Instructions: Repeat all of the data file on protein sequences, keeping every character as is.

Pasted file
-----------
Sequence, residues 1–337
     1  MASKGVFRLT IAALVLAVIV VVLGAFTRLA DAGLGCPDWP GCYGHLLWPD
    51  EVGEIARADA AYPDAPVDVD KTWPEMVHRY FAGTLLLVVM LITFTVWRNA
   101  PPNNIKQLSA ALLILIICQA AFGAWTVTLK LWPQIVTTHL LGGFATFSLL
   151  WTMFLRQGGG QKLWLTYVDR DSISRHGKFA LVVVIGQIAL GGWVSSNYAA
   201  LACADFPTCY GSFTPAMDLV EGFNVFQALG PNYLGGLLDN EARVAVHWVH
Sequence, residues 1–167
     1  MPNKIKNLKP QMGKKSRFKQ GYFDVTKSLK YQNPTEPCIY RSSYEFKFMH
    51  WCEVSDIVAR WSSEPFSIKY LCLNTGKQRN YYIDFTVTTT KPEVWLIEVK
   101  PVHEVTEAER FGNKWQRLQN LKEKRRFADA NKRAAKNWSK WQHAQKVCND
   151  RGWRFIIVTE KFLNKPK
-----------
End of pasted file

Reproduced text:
Sequence, residues 1–337
     1  MASKGVFRLT IAALVLAVIV VVLGAFTRLA DAGLGCPDWP GCYGHLLWPD
    51  EVGEIARADA AYPDAPVDVD KTWPEMVHRY FAGTLLLVVM LITFTVWRNA
   101  PPNNIKQLSA ALLILIICQA AFGAWTVTLK LWPQIVTTHL LGGFATFSLL
   151  WTMFLRQGGG QKLWLTYVDR DSISRHGKFA LVVVIGQIAL GGWVSSNYAA
   201  LACADFPTCY GSFTPAMDLV EGFNVFQALG PNYLGGLLDN EARVAVHWVH
Sequence, residues 1–167
     1  MPNKIKNLKP QMGKKSRFKQ GYFDVTKSLK YQNPTEPCIY RSSYEFKFMH
    51  WCEVSDIVAR WSSEPFSIKY LCLNTGKQRN YYIDFTVTTT KPEVWLIEVK
   101  PVHEVTEAER FGNKWQRLQN LKEKRRFADA NKRAAKNWSK WQHAQKVCND
   151  RGWRFIIVTE KFLNKPK